Which Imaging Standard is Right for my Clinical Trial?

Timothy Kulbago and Dr. Robert Ford | |

In April 2018, the FDA issued an industry guidance for Clinical Trial Imaging Endpoint Process Standards. While the guidance was intended to clarify process standards for sponsors collecting imaging data as part of their clinical trials, it also brought up a new question: what type of imaging standard is right for my trial?

To make the correct decision, sponsors need to explore the two types of imaging process standards and determine when the use of each is appropriate.

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Standard of Care/Medical Practice Standards

Sponsors can use existing medical practice standards in their clinical protocols when they anticipate a limited amount of variability in the imaging process, including acquisition, display, interpretation, and archiving. If the measure or outcome of an imaging endpoint does not significantly vary across clinical sites and is readily apparent on an image, then medical practice imaging process standards are likely acceptable for that trial.

If a sponsor intends to use medical imaging processes in their standards, they should state so in their clinical protocol.

If a trial’s image endpoint quantification process is complex or highly variable, it’s more likely that medical practice standards will not apply. In those cases, sponsors need to consider trial-specific process standards.

Trial-Specific Imaging Process Standards

The FDA guidance indicates that the regulatory body believes that trial-specific imaging process standards should be employed when primary or secondary endpoints are based on imaging data.  Sponsors should look into developing and implementing these standards when considering the potential factors that can introduce variability and inaccuracy in the endpoint.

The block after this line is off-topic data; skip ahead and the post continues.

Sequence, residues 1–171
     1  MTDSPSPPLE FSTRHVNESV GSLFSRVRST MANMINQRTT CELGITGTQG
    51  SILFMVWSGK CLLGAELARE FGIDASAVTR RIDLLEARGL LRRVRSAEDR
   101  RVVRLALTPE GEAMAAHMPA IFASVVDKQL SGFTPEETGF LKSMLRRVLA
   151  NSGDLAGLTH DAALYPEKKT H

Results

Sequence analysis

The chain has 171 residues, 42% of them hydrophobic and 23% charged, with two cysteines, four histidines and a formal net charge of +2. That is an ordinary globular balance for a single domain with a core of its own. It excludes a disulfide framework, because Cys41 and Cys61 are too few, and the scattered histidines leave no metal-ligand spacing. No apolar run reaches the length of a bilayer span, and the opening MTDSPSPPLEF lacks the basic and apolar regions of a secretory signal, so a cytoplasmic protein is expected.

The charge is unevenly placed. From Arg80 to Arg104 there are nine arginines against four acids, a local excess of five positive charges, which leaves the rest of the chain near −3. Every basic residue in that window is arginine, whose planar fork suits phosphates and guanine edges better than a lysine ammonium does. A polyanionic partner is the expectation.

According to the FDA, factors that should cause a sponsor to develop trial-specific imaging process standards include:

  • Availability of imaging modality and performance variation across trial sites
  • Qualifications and training of imaging technologists
  • Phantom requirements and machine calibrations
  • Image quality control
  • Image display
  • Image interpretation
  • Image data archivation

If a clinical study requires central review – a rigorous, standardized process of evaluation with an audit trail – then trial-specific imaging process standards are likely required.

Choosing an Imaging Standard – Why It Matters

According to the FDA, imaging process standards help sponsors ensure:

  • Imaging data is acquired in compliance with a trial’s protocol
  • Imaging data quality is maintained within and among clinical sites
  • A verifiable record of the imaging process is created

It’s important that sponsors communicate with the FDA to discuss the appropriateness of their imaging protocols for achieving their desired endpoint. Choosing the right imaging process standards makes it easier for a study to accurately detect a drug’s impact or effect on a patient, whether positive or negative.

If following discussions with the FDA, a sponsor chooses to develop trial-specific standards, they can describe those standards in the body of their trial protocol, assuming the standards are not complex. However, if the trial-specific standards are expansive, sponsors should create a separate imaging charter to describe their plans.

Overall, standardizing processes reduces variability and ensures interpretability of imaging results, two factors essential to the success of a clinical trial.

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Tim Kulbago  is Vice President, Imaging at ERT and Robert Ford, MD is the Principal and Founder of Clinical Trials Imaging Consulting, LLC.